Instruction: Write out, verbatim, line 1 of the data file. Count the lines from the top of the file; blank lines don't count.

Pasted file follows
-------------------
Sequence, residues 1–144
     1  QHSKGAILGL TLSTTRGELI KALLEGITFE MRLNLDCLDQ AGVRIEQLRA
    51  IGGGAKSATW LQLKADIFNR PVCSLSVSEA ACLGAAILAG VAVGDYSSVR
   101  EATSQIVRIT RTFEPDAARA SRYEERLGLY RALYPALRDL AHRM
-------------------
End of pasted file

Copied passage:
Sequence, residues 1–144